He was doing so well with trailer loading, and was my first choice for the above outing, but then scared himself badly the other day when he turned around and bumped off the clipped back divider and it made a rattly sound. I love that he came right back and tried again for me, but we'll have to build him up a little again. He's pretty reliable and confident about hopping in right away but still gets anxious/panicky if you leave him there alone. I think he'd be good with a friend to lend him a bit of confidence, so I will have to set that up and make things more fair for him. Having three horses at home is lovely, but it does mean the math doesn't work with a two horse trailer. Sophie isn't great home alone, and neither is anyone else at the moment. It's fun that both Sophie and Tradey are happy to go out alone. Buck less so, but willing. I think a confident friend to accompany him for a bit would be beneficial. But no one wants to be the one left behind!

Peas in a pod

Their little cottage still cracks me up. They love it.

I know the herdbound tendencies are normal and part of who they are. Sophie is extremely social and herd oriented, and I feel like at this point she is who she is. She's great to take out alone. If I leave her home alone she paces and calls (and sometimes takes out some anger by kicking the fence) but that's about the extent of it. Annoying, but manageable. On a bigger place I'd be more willing to completely roll with it, but we do have neighbors who definitely notice the noise so I try to be considerate of timing and length of our outings.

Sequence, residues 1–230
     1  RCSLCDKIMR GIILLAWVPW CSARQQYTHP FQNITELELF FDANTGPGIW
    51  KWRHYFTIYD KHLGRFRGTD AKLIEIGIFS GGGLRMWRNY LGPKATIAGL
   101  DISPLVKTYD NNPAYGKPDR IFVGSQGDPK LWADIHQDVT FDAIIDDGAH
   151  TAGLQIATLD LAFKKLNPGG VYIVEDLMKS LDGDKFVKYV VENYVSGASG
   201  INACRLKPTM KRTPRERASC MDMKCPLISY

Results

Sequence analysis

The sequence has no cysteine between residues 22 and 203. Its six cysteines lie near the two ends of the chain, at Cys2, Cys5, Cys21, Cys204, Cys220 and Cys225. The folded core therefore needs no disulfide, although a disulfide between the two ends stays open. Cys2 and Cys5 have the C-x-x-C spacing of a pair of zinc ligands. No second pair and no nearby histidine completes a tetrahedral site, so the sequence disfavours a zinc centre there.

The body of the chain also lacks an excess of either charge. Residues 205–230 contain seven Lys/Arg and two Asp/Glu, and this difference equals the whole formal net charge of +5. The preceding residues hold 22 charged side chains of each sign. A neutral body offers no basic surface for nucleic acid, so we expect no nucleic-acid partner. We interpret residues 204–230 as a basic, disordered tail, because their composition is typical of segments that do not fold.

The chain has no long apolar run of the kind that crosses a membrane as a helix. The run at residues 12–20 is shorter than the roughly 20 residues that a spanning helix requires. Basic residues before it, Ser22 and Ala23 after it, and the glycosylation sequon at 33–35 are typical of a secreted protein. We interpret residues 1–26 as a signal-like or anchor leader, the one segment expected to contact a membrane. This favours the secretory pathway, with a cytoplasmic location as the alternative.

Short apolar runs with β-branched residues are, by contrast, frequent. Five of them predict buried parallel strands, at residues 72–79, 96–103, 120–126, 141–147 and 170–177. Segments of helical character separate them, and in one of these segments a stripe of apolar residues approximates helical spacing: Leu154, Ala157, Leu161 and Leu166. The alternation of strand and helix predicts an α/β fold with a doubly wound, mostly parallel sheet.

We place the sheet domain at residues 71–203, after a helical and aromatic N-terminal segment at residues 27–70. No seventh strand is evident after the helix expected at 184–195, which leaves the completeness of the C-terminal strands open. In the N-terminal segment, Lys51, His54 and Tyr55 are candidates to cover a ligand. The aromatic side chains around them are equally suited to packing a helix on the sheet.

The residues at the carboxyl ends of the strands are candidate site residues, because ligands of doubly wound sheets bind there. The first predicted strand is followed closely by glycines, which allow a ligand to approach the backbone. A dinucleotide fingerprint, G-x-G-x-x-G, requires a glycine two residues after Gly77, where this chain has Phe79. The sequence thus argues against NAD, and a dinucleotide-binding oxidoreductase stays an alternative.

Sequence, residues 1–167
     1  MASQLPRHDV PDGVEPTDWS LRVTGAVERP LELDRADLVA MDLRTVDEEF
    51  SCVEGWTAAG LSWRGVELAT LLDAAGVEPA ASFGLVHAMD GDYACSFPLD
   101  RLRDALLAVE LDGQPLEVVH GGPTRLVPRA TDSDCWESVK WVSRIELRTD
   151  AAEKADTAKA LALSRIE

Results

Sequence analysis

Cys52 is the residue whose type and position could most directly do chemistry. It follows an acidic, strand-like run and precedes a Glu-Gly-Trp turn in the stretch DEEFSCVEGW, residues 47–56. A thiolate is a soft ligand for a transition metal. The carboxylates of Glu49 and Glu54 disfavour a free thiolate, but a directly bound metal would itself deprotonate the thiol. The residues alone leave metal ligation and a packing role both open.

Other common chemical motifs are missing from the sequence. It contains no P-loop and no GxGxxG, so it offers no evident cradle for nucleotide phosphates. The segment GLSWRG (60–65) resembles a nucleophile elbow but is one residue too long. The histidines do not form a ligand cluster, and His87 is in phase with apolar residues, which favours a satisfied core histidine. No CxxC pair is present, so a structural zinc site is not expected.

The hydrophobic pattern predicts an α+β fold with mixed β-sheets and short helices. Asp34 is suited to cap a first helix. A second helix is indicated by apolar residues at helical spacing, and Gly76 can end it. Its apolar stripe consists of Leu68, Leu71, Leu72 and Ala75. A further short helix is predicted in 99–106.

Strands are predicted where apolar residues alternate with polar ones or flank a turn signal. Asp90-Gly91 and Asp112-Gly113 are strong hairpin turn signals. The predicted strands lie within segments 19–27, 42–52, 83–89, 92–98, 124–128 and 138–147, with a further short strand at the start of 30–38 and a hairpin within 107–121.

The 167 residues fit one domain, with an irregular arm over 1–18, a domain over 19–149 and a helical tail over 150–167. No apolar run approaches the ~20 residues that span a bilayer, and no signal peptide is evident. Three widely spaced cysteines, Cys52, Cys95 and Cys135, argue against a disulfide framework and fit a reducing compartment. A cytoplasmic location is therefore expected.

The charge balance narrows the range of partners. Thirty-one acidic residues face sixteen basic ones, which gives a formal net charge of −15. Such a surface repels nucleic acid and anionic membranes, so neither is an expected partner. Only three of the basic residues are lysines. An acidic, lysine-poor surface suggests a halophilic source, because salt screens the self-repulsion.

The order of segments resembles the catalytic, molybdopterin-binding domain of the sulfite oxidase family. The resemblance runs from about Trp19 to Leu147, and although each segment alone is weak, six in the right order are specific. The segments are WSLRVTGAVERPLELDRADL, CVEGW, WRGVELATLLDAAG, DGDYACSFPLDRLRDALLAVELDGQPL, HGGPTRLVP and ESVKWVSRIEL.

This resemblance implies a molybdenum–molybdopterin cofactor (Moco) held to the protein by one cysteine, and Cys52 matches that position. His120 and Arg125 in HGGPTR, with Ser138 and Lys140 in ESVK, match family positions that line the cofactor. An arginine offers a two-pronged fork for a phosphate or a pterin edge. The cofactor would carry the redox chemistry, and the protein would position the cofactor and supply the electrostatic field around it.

I can strive for a more peaceful experience with the boys, so it's something to continue to work on until hopefully both boys are happy enough at home alone for bits of time. At some point they will need to be less joined at the hip. They spend almost every waking hour playing and grooming and generally interacting with each other. I feel like that's how it should be at this age. I have started putting them in adjacent spaces or alternating their time out in the field so they're not always together every moment of the day. We take it slowly, I'd like to set a precedent for non stressful 'alone' time but there is no rush, I feel like the socializing and interaction they get from living together far outweighs the downside of them being maybe a little too codependent. Poor Buck definitely got the neighbours attention and was very upset with being left behind last weekend. Sophie is taking her 'parenting' very seriously so was also crying and not as much as a comfort as we had hoped.

Sophie. I have put feelers out for a sale or lease situation, but that's still pretty fluid and nothing has been confirmed or decided. I'm hopeful we can find her the right situation. I'm not putting a ton of effort into it yet, just if the right thing comes along, then great. Despite my above complaining about how she's not great alone, she's actually really easy to have around and we both really like her. Definitely not a decision I'll rush into. Lately, when I go to get everyone from the big field she's taken it upon herself to round up the boys and keep them waiting at the gate with her. Which is actually super convenient, lol, they are unpredictable little monkeys and normally are off playing in some far corner, totally oblivious to the outside world or dinner time.